For days, my house went without gas, until I finally decided to take the gas can and get gas for Amir. When I asked him for the money to get the gas he gave me ten dollars, ten dollars! That’s not even a half of a tank, but I guess some gas is better than no gas right?
If that wasn’t enough, people were trying to cut the line and cars that were waiting in line were trying to get their gas cans filled as well. Immediately there was uproar at the gas station, which resulted in legal involvement.
When it was finally my turn at the pump words cannot explain the amount of relief I felt. Even though I was miserable in that gas line and freezing my butt off, it was worth it because I helped Amir in his time of need.
When it came to finding food, only two fast food restaurants were open, Popeye’s and KFC. The line for Popeye’s went all the way up Springfield Avenue in Irvington, leading into Newark. The line for KFC was long, but not as long as Popeye’s.
With no electricity and food going bad in everyone’s homes, people had no choice but to get one or the other. As I went to the laundry mat, (that had electricity) I felt sorrow for the people who had to wait in these ridiculous lines. Little did I know that later on that day I would become one of them.
Jasmine, my sister-in-law craved some KFC. I mentioned how long the line was, but that didn’t seem to faze her. She was determined to eat KFC. As we got to the drive-thru, I knew automatically that we were going to be in this line forever. Jasmine assured me that this line was going to be quick, but that was a definite lie.
With her children begging, yelling and complaining in the back seat, it felt like forever, and I just wanted it to end. I regretted ever deciding to come and wished I was home in my candle lit room reading a book.
At this point in time, I couldn’t wait for everything to return back to normal. I missed charging my phone in my house and not in my friend’s car, I missed reading my book in real light and eating a home cooked meal. I hoped every day that power would come back on.
Hurricane Sandy has destroyed a plethora of homes and lives of people whose paths she has crossed. Some people have died and others have lost everything. All things considered, I believe the township of Irvington got the best part of the storm.
Yes, trees were knocked over and some houses were destroyed but Irvington suffered zero casualties and we were truly blessed. From Hurricane Sandy I learned that I definitely took advantage of electricity and should appreciate it more.
I learned that just as easily material things can be gained, they can also be taken away. My family is not as horrible once you get to know them (lol), but I definitely understand them better now.
By Nelly Sekyere
By Chelsie Riche
Every time someone brings up the questions about my the hardships that I experiences during Hurricane Sandy, I always catch myself looking at them with a dubious countenance, and queerly laugh to myself.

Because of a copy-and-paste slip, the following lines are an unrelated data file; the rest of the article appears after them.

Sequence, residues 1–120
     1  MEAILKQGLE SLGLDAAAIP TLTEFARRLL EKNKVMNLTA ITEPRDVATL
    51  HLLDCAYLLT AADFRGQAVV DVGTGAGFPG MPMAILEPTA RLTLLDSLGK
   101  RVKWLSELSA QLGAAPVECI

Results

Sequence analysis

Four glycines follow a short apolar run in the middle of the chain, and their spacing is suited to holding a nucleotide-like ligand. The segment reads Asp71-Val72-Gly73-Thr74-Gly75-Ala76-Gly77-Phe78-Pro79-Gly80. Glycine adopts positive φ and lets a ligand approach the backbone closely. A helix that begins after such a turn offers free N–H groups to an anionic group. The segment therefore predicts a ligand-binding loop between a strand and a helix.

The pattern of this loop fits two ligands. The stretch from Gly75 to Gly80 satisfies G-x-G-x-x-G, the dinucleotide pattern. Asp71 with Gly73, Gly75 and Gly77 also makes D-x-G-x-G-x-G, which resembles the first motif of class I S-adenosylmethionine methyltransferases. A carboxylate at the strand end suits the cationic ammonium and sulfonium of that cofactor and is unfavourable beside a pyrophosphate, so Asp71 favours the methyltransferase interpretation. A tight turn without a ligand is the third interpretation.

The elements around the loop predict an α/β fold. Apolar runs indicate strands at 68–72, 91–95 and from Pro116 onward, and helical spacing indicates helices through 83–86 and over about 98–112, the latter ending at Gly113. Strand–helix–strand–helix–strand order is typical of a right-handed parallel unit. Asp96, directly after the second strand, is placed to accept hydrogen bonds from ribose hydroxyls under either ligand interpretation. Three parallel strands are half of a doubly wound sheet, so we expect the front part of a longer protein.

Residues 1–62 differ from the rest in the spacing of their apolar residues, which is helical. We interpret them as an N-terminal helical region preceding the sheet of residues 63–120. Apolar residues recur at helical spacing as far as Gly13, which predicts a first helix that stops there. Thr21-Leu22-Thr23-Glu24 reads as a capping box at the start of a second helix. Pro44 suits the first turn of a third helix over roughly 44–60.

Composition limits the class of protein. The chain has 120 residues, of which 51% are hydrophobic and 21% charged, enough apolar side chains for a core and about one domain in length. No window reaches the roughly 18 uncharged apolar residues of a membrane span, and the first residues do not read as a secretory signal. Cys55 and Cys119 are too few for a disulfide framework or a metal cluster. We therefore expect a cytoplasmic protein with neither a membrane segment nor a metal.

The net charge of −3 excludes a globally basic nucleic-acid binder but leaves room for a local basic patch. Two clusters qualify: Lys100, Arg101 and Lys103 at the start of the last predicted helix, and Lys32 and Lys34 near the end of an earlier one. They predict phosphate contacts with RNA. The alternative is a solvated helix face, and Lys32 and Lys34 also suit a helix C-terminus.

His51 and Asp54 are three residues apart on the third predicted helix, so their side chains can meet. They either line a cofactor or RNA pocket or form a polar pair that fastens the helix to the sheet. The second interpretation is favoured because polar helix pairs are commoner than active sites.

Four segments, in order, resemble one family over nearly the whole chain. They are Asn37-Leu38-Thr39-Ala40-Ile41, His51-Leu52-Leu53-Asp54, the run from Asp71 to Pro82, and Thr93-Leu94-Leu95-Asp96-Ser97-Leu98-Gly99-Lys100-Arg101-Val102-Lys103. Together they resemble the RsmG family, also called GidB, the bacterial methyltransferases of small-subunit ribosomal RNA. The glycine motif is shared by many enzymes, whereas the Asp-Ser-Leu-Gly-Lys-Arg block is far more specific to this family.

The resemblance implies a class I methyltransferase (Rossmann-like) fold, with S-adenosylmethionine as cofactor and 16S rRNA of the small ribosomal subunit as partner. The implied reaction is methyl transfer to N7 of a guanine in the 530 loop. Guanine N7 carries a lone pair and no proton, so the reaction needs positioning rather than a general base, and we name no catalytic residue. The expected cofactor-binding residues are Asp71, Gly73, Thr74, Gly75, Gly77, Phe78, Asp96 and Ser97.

My reaction to the question is not because I found the situation to be funny, but knowing that I have dealt with far worse things in my life, Hurricane Sandy simply felt like a distant memory just a few days after it occurred. I guess my reaction is understandable for I did not face the devastating disaster that many had to face involving Hurricane Sandy.
On Monday night, October 29, 2012 at around 6:30 PM most of the houses in the town of Irvington lost power, including my house. At that moment, I simply did not worry, for I truly believed that the electricity would come back in a few hours, if not then the next day.
That night I went to sleep early, unable to do anything in the dark. I was quite confident that the next morning I would wake up and everything would be back to normal. How wrong was I?
I then realized how serious this was. I quickly got my phone and started texting some of my closest relatives and friend asking if they were okay. One after one and day after day, everyone replied to my text and I felt a sense of relief and gratefulness.
The next day, no electricity. The day after, still nothing. People became desperate, calling their friends, asking if they got their electricity back, and many of us were angry.
For six days I was locked in the house in the darkness, but to me that was not a problem for I was raised in a country in which we did not have electricity 24/7. I was rather lucky because I still had hot water and the gas stove worked perfectly fine.
The problem that I found difficult to deal with was how cold it was in the house. At that moment, I begin to really think of what it means to live your life to the fullest. Having no electricity, no internet, or cable was nothing, it was the cold that was my only suffering. I felt like I was slowly dying in my house every time I moved.